Hey guys! Hope your week has been excellent. If you haven’t had a chance to check out our podcast lineup this week, I highly recommend you do so. We’re getting close to the end of the Resident Evil rewatch over on the Binge Buddies feed, and we’ve just started up the Showa Era Godzilla films over at Behind the Hype.
Frick. You know what? I forgot to toss out a “Guess the Still” this week. Makes it about the second or third week in a row I’ve forgotten to do that. You know what I haven’t forgotten? All the great content out this week.
Kind of got out of the habit of writing these. Shame. SHAME. Anyway, Binge Buddies is in full swing with its “Alice in Zombieland” series. They’re on the third one and having a blast. Brok and pal Charriii5 sit down to talk about the importance of accessibility in gaming, which you need to listen to ASAP. Last week’s Demon Dayz is a good one and full of fun banter. What else is new, am I right? And then things take a dark turn in this week’s Behind the Hype as Bryan and I discuss the dark and twisted Suicide Club from director Sion Sono. Just…yeah. Go watch it and join our discussion.
Before we jump into this week at a glance, I’d like to draw your attention to a few different ways you can engage with us and discuss the episodes below or anything else in pop culture that may interest you.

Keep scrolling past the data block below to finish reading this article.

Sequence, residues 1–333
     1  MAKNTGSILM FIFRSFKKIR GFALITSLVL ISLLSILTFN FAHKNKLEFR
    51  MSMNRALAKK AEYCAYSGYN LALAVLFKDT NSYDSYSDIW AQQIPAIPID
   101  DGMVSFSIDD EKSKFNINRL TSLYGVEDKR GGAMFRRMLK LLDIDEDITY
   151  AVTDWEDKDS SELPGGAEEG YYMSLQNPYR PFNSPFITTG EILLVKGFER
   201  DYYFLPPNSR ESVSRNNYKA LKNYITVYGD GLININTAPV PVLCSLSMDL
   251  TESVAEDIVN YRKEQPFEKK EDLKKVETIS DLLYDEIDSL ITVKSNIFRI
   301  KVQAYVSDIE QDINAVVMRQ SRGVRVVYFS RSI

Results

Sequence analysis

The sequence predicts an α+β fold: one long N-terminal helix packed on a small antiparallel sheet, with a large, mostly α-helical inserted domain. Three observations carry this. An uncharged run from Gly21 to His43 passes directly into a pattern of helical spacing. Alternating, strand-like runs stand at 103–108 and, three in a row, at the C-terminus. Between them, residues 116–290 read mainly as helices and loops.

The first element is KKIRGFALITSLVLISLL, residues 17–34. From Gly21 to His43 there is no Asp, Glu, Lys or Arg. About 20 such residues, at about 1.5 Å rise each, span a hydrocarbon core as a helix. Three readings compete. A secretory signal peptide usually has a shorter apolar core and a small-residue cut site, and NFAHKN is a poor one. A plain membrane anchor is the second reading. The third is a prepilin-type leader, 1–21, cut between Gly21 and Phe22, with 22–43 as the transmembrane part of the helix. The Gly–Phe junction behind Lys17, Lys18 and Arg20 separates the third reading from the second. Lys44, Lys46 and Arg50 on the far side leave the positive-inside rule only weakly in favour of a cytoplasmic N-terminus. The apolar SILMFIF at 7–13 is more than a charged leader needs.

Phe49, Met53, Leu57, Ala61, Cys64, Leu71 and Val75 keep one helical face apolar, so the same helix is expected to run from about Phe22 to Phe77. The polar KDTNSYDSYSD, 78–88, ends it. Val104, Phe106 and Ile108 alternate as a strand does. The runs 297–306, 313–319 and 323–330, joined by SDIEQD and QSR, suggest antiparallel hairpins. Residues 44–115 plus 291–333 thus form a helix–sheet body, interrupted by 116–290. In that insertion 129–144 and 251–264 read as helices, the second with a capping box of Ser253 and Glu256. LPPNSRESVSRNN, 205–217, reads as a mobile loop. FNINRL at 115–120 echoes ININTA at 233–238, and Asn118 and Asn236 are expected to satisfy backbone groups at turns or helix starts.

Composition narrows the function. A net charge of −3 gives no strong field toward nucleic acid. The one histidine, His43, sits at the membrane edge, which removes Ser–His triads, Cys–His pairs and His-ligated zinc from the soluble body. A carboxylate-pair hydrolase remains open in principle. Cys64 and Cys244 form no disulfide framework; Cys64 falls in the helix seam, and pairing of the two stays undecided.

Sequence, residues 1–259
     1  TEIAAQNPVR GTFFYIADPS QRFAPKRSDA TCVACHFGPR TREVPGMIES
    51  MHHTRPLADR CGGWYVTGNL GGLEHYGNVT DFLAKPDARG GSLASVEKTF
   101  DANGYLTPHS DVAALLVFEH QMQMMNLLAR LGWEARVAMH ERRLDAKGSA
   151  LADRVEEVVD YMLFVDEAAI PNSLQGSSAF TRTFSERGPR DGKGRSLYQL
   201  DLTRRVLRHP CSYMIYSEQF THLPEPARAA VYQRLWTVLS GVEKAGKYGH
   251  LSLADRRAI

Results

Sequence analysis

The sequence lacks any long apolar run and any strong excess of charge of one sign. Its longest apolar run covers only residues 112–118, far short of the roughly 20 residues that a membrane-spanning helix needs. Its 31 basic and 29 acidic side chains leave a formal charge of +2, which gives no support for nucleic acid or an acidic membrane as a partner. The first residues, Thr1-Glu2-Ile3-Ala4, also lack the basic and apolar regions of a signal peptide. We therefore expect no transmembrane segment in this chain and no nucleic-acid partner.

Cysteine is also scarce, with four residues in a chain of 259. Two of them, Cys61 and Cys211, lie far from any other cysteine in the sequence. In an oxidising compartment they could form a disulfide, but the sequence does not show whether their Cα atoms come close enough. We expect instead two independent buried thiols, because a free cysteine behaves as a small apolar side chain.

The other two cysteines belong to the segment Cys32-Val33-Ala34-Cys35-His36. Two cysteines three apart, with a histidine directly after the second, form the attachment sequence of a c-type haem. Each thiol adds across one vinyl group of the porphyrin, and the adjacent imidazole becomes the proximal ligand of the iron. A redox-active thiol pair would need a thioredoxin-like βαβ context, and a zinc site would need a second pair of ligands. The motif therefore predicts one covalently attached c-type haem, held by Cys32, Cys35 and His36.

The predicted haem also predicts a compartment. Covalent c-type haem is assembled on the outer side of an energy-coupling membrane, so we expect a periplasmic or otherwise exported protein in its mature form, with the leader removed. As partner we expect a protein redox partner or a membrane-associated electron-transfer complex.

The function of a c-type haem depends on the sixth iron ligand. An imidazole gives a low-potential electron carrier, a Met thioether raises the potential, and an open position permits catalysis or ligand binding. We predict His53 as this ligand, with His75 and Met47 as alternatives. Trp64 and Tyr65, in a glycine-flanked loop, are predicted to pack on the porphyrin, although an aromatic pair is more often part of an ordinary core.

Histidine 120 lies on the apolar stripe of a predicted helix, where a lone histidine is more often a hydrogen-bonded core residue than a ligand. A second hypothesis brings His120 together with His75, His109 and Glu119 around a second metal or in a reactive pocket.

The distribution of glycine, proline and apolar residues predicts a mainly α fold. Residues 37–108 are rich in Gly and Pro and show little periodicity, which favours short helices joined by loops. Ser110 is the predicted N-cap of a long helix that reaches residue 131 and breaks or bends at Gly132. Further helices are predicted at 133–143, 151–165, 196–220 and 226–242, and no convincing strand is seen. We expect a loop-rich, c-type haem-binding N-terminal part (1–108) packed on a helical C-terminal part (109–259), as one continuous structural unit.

It’s a new year and things have already gotten off to an unsavory start. There was a coup on the United States Capitol that happened on the 6th and as of me writing this post out we’re still not sure what to expect from the next few days. It’s also been a rather light podcasting and article week here at ATH Network. Damage Boost and Demon Dayz put out new episodes but Binge Buddies (formerly Welcome to You Are Doom) is still on hiatus, as is Behind the Hype.
Before we jump right into this week at a glance, I’d like to draw your attention to a few different ways you can engage with us and discuss the episodes below or anything else in pop culture that may interest you.
I hope you’ve had a happy holiday season so far and that the rest of your year features rest, relaxation, and an overwhelming sense of peace and contentment. We produce a lot of content over here at ATH Network and I wanted to start up a little recap post series every weekend to point out the shows and articles you may have missed and put links to them in one convenient place. Let’s get to it, shall we?